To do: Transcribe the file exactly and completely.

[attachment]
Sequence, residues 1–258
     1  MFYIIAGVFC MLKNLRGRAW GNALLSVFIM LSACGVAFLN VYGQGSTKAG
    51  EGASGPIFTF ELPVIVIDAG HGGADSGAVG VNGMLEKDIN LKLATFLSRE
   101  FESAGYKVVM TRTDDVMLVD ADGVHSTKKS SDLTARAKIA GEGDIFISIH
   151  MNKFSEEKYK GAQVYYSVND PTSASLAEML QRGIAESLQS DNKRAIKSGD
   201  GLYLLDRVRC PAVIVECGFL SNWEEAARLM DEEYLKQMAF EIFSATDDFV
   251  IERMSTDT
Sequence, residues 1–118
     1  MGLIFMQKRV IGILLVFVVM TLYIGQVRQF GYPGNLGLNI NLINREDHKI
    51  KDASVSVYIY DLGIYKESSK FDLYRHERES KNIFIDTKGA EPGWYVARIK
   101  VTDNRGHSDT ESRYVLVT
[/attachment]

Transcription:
Sequence, residues 1–258
     1  MFYIIAGVFC MLKNLRGRAW GNALLSVFIM LSACGVAFLN VYGQGSTKAG
    51  EGASGPIFTF ELPVIVIDAG HGGADSGAVG VNGMLEKDIN LKLATFLSRE
   101  FESAGYKVVM TRTDDVMLVD ADGVHSTKKS SDLTARAKIA GEGDIFISIH
   151  MNKFSEEKYK GAQVYYSVND PTSASLAEML QRGIAESLQS DNKRAIKSGD
   201  GLYLLDRVRC PAVIVECGFL SNWEEAARLM DEEYLKQMAF EIFSATDDFV
   251  IERMSTDT
Sequence, residues 1–118
     1  MGLIFMQKRV IGILLVFVVM TLYIGQVRQF GYPGNLGLNI NLINREDHKI
    51  KDASVSVYIY DLGIYKESSK FDLYRHERES KNIFIDTKGA EPGWYVARIK
   101  VTDNRGHSDT ESRYVLVT